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Re: (goto-char ...) error

From: Tim X
Subject: Re: (goto-char ...) error
Date: Wed, 23 Feb 2011 09:50:06 +1100
User-agent: Gnus/5.13 (Gnus v5.13) Emacs/24.0.50 (gnu/linux)

ken <address@hidden> writes:

> On 02/22/2011 01:45 PM Deniz Dogan wrote:
>> 2011/2/22 ken <address@hidden>:
>>> On 02/22/2011 12:31 PM Deniz Dogan wrote:
>>>> 2011/2/22 ken <address@hidden>:
>>>>> ....
>>> My understanding is that the 4th arg to re-search-forward is to repeat
>>> the search, so I set that to nil.
>>> I get the same error whether the 3rd arg is t or nil (!?):
>>> (setq ptname (re-search-forward "REGEXP" endpt t nil))
>>>      (if ptname
>>>          ((goto-char (- ptname 1))
>>>           ....
>>> The error line in *Messages* says:
>>> if: Invalid function: (goto-char (- begin-name-value 1))
>> You have one pair of parentheses too many.
>> Change:
>> ((goto-char (- ptname 1))
>> to:
>> (goto-char (- ptname 1))
>> The error is telling you that "(goto-char (- ptname 1))" is an invalid
>> function, which could potentially be confusing, but it really makes
>> sense.  You call a function named `foo' like (foo ...), but if you do
>> "((foo ...))" you're trying to call a function named "(foo ...)" which
>> is not a valid function.
>> From the documentation of `if':
>> (if COND THEN ELSE...)
>> If COND yields non-nil, do THEN, else do ELSE...
>> This means that your THEN clause must be a single expression.
>> Everything starting with the third argument to `if' is considered part
>> of the ELSE clause.
>> If you want to multiple expressions in the THEN clause, use `progn' as
>> such:
>> (if (= x y)
>>     (progn
>>       (message "They're equal")
>>       (message "Hooray!"))
>>   (message "They're not equal.")
>>   (message "Too bad, bro."))
>> I hope that helps!
> Yeah, I think it should.  Thanks.
> Just to be clear about one more thing I'll be addressing subsequently,
> i.e., another "if" nested inside the first:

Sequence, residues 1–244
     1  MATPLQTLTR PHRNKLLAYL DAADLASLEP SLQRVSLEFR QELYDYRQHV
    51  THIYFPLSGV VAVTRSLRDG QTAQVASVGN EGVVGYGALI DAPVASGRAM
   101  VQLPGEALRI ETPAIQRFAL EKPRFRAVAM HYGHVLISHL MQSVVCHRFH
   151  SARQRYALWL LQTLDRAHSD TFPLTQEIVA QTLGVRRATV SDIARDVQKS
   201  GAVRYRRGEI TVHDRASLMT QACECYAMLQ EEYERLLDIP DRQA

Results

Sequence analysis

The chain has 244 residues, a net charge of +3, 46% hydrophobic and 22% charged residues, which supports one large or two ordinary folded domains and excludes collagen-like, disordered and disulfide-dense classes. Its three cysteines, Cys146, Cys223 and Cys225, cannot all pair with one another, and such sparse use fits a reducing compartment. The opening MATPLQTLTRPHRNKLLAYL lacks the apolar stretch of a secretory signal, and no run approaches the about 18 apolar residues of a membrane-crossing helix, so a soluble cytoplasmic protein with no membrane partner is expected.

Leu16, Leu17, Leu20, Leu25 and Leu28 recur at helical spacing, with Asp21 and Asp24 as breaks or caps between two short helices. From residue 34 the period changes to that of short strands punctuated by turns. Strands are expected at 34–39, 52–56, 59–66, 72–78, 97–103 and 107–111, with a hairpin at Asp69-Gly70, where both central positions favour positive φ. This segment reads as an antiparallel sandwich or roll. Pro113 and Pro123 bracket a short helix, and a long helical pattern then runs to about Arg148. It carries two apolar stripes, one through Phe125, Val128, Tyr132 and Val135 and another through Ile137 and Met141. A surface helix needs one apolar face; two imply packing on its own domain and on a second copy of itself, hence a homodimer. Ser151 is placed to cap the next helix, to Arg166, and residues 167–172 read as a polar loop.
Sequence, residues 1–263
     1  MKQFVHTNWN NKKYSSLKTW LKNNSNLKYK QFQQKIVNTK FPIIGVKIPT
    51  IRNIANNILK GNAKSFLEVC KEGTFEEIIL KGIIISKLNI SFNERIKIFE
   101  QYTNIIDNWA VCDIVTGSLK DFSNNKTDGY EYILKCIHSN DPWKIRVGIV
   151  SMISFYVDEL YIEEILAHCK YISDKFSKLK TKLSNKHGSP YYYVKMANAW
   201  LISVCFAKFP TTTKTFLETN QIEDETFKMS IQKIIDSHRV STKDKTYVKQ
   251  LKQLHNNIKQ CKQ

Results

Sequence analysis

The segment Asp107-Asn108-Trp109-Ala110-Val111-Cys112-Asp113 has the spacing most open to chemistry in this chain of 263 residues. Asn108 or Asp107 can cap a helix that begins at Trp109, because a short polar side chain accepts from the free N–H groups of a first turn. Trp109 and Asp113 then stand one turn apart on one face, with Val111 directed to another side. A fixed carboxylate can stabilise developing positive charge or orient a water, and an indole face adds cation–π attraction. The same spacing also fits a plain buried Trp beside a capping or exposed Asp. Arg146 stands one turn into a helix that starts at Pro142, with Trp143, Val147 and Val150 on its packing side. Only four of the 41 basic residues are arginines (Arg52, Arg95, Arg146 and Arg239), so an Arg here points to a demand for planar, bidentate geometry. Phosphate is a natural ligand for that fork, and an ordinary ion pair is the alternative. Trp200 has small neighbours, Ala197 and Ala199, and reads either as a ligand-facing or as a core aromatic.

> (if (= x y)
>    (progn
>      (message "They're equal")
>      (message "Hooray!")
>      (if (= x z)
>           (progn
>             (message "The next one's equal too.")
>             (message "Hooray++!")))) ; enuf )s to match up to 1st progn
>  (message "They're not equal.")
>  (message "Too bad, bro."))
> elisp is weird.

When you need to use progn in your if statement, it is a sign you are
using the wrong construct or you need to reverse things. Although things
may seem weird, once you know the alternatives, you will likely find it
much clearer. 

1. if statements allow multiple forms in the else part, so reversing
your test means you can get rid of the progn statements. 

(if (not (= x y))
       (message "They're not equal. Too bad, bro.")
    (message "They're equal Horay!")
    (if (not (= x z))
         (message "The next one is not equal though")
      (message "The next one is equal as well. Hooray!")))

However, sometimes, this is not a good solution because it inverts the
way you think about the test and causes another layer of indirection. In
that case, one of the following may be more appropriate -

2. If you don't really need 'else' clauses, then the when or unless
statement is a better choice as it allows multiple forms i.e.

(when (= x y)
      (message "They match")
      (if (= x z)
          (message "The next ones match too")))

(unless (= x y)
        (message "They don't match")

3. If you need conditional branches, then cond is a good choice

(cond ((= x y)
       (message "y matches")
       (if (= x z)
           (message "z matches")))
     ((= x b)
      (message "b matches")
    (t (message "No match)))

Use the construct which makes your intention clear. Lots of nested if's
or progn's indicate there is probably a better form to express what you
mean. Of course, these are just rules of thumb - sometimes it makes
sense to use nested ifs and sometimes it makes sense to use progn (just
like sometimes code is clearer with a goto). Often, cluttered/unclear
code is really an indicaiton of a cluttered/unclear solution - this is
normal as you really only get to understand the problem when you try to
solve it. This is why refactoring is so important - as your
understanding of the probolem increases, your ability to express the
solution in a clear and concise form will also increase. If you can't
make the code clear, then you probably don't understand the problem yet.

tcross (at) rapttech dot com dot au

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